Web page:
An alarming rise in air pollution, contributed largely by an increasing number of vehicles, has caused Bengaluru to gasp.
Data for 2017 released by the Karnataka State Pollution Control Board (KSPCB) says Bengaluru’s poor Air Quality index causes “breathing discomfort to the people with lung, heart disease, children and older adults”.
Bengaluru’s PM2.5, recorded at different parts of the city, was calculated at 40 μg/m3, way above the World Health Organisation (WHO) guideline limit of 10 μg/m3 annual mean. PM2.5 refers to atmospheric particulate matter that have a diameter of less than 2.5 micrometers.
“The levels of PM10/PM 2.5 are attributed to the vehicular emissions/ movement, resuspension of road dust and construction activities,” the KSPCB data said.
Dr Nagappa B, a scientific officer at the KSPCB admitted that the traffic is rapidly growing, but denied that the condition in Bengaluru is critical with respect to air pollution.
“I agree traffic is too much in the city, but Bengaluru’s air quality is moderate and PM level is under control. Bengaluru is in a better state than Kolkata, Mumbai and, of course, Delhi,” he informed The Observer.
According to a study conducted by Urban Emissions, which researches air pollution, traffic in Bengaluru is going out of control, causing pollution levels to cross WHO’s safety limits.
According to the study, “Bangalore’s rapid growth, mostly associated with the growth of the IT industry, has created problems relating to traffic congestion. The unplanned nature of growth in the city boosted the infrastructure and other construction activities in the region, and also resulted in massive traffic gridlocks that the municipality attempted to ease by constructing a flyover system and by imposing one-way traffic systems, which were unable to adequately address the on-road issues and associated increase in air pollution.”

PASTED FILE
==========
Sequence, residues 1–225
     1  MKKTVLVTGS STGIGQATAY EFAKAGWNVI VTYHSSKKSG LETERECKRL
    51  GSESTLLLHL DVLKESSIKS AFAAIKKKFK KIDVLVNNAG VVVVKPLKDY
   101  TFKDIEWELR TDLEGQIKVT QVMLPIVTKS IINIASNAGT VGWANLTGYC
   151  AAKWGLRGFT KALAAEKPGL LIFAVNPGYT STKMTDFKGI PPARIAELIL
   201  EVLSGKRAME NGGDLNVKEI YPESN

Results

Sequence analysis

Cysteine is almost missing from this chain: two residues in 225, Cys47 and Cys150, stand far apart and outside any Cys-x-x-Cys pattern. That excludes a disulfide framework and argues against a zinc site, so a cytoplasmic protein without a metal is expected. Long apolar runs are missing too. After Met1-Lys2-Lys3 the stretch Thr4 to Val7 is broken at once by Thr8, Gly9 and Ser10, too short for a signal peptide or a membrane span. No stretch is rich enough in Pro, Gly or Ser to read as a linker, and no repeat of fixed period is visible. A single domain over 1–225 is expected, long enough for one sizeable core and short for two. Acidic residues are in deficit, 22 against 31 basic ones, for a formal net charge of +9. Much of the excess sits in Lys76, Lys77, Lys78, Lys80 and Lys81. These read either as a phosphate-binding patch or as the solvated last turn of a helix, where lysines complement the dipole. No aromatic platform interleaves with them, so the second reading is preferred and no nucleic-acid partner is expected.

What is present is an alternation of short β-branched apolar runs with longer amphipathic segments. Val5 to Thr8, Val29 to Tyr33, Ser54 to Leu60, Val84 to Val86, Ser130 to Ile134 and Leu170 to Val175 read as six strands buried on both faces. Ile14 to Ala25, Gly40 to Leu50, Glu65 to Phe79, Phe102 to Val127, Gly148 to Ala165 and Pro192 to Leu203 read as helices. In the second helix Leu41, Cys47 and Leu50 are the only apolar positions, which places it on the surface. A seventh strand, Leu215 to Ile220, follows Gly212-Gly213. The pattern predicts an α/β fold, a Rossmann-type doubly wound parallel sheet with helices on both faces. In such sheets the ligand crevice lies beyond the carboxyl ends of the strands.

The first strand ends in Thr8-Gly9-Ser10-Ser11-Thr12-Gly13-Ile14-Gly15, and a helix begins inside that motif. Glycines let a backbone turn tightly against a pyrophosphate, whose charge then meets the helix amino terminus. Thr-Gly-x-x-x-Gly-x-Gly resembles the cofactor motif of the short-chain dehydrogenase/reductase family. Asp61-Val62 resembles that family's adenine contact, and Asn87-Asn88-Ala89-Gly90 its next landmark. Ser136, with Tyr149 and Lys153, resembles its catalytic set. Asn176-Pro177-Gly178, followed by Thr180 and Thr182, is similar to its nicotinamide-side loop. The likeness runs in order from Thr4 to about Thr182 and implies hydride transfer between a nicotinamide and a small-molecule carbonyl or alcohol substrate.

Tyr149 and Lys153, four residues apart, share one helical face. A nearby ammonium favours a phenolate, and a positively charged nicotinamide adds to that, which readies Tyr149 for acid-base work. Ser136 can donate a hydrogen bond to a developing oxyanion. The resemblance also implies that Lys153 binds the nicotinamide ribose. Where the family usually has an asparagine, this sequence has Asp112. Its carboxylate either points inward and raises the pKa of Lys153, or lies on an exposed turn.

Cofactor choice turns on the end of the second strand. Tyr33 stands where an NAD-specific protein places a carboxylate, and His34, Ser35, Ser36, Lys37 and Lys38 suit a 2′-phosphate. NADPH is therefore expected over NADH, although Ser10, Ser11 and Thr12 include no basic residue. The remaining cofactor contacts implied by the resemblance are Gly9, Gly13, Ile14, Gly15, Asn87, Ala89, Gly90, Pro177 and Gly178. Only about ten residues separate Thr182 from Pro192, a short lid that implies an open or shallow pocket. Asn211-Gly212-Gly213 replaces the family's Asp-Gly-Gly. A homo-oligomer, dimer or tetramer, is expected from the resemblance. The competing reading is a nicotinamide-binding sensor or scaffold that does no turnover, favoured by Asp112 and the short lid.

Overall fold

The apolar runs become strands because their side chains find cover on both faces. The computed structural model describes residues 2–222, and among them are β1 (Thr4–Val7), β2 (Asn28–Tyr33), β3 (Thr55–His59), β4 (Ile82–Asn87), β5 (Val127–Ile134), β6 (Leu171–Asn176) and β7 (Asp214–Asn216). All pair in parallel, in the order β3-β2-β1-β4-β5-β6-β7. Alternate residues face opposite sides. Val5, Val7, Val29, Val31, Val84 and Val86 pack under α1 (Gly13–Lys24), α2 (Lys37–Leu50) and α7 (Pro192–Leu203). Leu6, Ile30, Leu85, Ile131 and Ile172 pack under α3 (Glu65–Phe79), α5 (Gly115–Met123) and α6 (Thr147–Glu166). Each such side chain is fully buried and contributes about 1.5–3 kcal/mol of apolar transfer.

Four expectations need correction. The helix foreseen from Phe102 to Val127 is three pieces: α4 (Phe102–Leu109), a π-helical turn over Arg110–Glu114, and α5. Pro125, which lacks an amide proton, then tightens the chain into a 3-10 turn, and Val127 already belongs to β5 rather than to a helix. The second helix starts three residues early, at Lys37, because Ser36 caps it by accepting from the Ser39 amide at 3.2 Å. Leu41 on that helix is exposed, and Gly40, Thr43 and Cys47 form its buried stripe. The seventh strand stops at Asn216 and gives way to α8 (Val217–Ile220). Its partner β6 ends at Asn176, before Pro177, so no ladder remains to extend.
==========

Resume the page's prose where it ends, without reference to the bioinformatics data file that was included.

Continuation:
The pollution level is directly proportionate to the size and growth of the city. Disproportionate growth is posing major hazards for Bengaluru, which has expanded beyond its estimated boundaries.
Prof. Kshithij Urs, who teaches public policy at the National Law School of India University, said: “In respect to the national context, Bengaluru is still in a better condition than other cities; but that situation has been worsening in the past 20 years. The city has become one of the fastest two- and four-wheeler selling cities in the country. This reflects a lack of public transport and urban planning.”
A resident of Bengaluru for many years, Urs added: “As the city is not in a condition like Delhi yet, we can use this as an opportunity and improve the condition.”